Dr Nuriye Kupeli
Senior Research Fellow
Place of work / study:
Marie Curie Palliative Care Research Department, University College London
Area of Research:
Understanding how compassion is experienced by family carers and developing interventions to support carers in their role.
How is your work funded?
Junior Fellowship from the Alzheimer’s Society
Tell us a little about yourself:
Having completed my PhD in health psychology at the University of Hertfordshire, I took up a research associate post with Prof Liz Sampson and Dr Louise Jones to explore ways in which we can improve care for people living with advanced dementia and their carers. Through my PhD I developed an understanding of self-criticism and compassion and while one can be detrimental to health and wellbeing, the other can help us to manage difficult emotions and reduce our risk of psychopathology. I became interested in how self-criticism and compassion might be experienced by family carers, how we might be able to measure these concepts and ways in which we can enhance carer compassion (for the self, from others and receiving compassion). I was awarded an Alzheimer’s Society Junior fellowship entitled Continuing Compassion in Care (CCiC) in 2018 to explore this.
In addition to my fellowship I am also leading a large cohort study to understand the palliative care needs of people living with dementia and their carers as part of a large ESRC-NIHR dementia initiative grant entitled Empowering Better End of Life Dementia Care (EMBED-Care Programme). I have also co-led an ESRC-UKRI funded study with Dr Nathan Davies where we developed a decision guide to support family carers when making difficult healthcare decisions for people living with dementia during the pandemic.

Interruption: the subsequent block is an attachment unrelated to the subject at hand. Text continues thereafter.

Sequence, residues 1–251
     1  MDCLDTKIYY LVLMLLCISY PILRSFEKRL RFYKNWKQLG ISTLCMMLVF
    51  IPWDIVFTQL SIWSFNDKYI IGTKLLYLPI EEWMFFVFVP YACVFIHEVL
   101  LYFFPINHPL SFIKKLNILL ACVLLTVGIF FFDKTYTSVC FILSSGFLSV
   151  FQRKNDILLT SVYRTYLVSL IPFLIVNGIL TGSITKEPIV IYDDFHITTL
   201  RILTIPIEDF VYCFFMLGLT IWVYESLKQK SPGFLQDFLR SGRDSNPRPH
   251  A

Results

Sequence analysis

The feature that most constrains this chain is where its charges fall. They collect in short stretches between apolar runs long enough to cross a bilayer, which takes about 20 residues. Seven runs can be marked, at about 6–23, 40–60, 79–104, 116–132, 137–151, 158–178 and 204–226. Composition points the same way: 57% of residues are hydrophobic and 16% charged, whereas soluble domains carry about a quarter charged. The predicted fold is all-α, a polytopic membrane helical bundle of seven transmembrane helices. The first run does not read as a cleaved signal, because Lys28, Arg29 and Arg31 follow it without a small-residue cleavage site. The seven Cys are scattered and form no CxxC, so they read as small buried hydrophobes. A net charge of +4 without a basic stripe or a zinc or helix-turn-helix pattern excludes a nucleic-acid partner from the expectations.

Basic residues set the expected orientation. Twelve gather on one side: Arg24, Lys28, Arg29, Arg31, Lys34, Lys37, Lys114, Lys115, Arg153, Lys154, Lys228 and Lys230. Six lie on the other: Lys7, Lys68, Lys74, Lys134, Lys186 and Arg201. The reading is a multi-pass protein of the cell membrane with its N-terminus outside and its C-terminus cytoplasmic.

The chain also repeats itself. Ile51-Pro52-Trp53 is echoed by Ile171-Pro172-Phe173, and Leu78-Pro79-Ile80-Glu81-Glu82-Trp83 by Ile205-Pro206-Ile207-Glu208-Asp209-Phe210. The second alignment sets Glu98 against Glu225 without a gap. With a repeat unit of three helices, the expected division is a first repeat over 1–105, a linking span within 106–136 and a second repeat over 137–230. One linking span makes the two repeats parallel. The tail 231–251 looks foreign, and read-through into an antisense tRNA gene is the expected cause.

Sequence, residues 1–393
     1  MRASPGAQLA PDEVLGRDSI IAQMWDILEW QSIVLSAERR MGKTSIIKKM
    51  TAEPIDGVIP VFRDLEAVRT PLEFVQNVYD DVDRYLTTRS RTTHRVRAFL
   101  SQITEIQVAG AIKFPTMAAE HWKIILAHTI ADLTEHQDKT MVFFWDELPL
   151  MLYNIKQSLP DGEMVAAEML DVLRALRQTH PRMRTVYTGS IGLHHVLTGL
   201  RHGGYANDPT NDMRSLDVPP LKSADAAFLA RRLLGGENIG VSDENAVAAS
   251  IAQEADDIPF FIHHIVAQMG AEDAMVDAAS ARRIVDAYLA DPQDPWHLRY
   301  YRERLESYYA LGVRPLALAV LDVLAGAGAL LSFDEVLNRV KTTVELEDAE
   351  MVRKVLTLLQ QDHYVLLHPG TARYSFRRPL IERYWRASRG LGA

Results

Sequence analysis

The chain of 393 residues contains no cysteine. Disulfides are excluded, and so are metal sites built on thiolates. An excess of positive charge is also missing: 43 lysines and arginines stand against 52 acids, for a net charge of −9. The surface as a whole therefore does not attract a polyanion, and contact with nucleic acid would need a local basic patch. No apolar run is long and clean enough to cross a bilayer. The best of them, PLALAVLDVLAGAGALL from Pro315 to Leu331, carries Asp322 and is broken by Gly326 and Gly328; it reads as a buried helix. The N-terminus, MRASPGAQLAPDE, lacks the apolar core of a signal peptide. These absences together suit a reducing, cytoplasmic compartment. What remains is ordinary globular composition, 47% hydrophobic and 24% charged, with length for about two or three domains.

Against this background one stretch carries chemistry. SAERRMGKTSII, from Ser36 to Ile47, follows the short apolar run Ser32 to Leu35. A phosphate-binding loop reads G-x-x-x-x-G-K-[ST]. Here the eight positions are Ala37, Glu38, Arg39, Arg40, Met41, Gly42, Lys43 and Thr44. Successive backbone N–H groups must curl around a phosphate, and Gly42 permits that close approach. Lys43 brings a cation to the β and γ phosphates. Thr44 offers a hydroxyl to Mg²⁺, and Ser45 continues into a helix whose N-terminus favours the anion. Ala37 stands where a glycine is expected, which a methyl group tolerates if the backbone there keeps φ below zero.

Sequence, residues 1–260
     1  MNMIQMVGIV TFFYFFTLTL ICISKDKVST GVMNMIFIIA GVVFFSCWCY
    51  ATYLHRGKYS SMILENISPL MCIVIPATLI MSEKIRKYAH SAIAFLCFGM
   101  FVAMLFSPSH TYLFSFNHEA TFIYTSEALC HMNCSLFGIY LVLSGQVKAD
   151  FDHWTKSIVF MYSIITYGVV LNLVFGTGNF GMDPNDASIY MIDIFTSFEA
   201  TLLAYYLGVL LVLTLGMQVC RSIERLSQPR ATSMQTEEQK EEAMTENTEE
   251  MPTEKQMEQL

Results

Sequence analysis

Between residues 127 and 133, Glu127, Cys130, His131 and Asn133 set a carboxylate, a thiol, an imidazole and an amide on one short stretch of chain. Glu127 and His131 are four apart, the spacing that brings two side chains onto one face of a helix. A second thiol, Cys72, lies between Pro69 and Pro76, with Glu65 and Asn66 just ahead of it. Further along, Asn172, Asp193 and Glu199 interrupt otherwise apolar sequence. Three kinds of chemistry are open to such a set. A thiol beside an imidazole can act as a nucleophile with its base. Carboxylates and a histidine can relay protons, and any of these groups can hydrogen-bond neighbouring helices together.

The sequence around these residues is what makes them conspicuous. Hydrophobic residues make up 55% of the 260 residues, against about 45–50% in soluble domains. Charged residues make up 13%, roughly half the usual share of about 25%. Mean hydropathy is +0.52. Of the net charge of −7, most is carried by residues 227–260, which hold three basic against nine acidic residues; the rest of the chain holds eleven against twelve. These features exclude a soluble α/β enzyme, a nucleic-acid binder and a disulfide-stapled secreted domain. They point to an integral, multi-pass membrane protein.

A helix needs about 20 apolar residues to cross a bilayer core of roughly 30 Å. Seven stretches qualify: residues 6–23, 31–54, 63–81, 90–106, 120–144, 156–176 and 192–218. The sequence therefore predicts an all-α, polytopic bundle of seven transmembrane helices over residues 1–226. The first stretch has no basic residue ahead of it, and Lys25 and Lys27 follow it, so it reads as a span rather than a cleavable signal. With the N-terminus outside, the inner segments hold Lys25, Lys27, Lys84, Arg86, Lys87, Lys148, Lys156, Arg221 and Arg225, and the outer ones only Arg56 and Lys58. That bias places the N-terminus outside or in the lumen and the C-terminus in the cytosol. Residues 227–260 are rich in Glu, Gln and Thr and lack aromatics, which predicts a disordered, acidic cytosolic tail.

Tell us a fun fact about yourself:
I used to be cabin crew for Virgin Atlantic Airways – gap year (or 3 years!) not-sure-what-I-should-do-with-my-life job between A-Levels and going to University.
Why did you choose to work in dementia?
As an undergraduate student I took up an honorary research position at the memory clinic at Lister Hospital. My initial interest and what led to the topic of my final year dissertation was understanding the memory functions that become impaired during the early stages of dementia in order to identify the early markers of Alzheimer’s disease. However, even during my short stint at the memory clinic I could see how difficult the caring role is and the limited support that is available for carers. Despite the difficulties and the stress of caring, I found carers still did their utmost best for the person they were looking after even when it was detrimental to their health and wellbeing.
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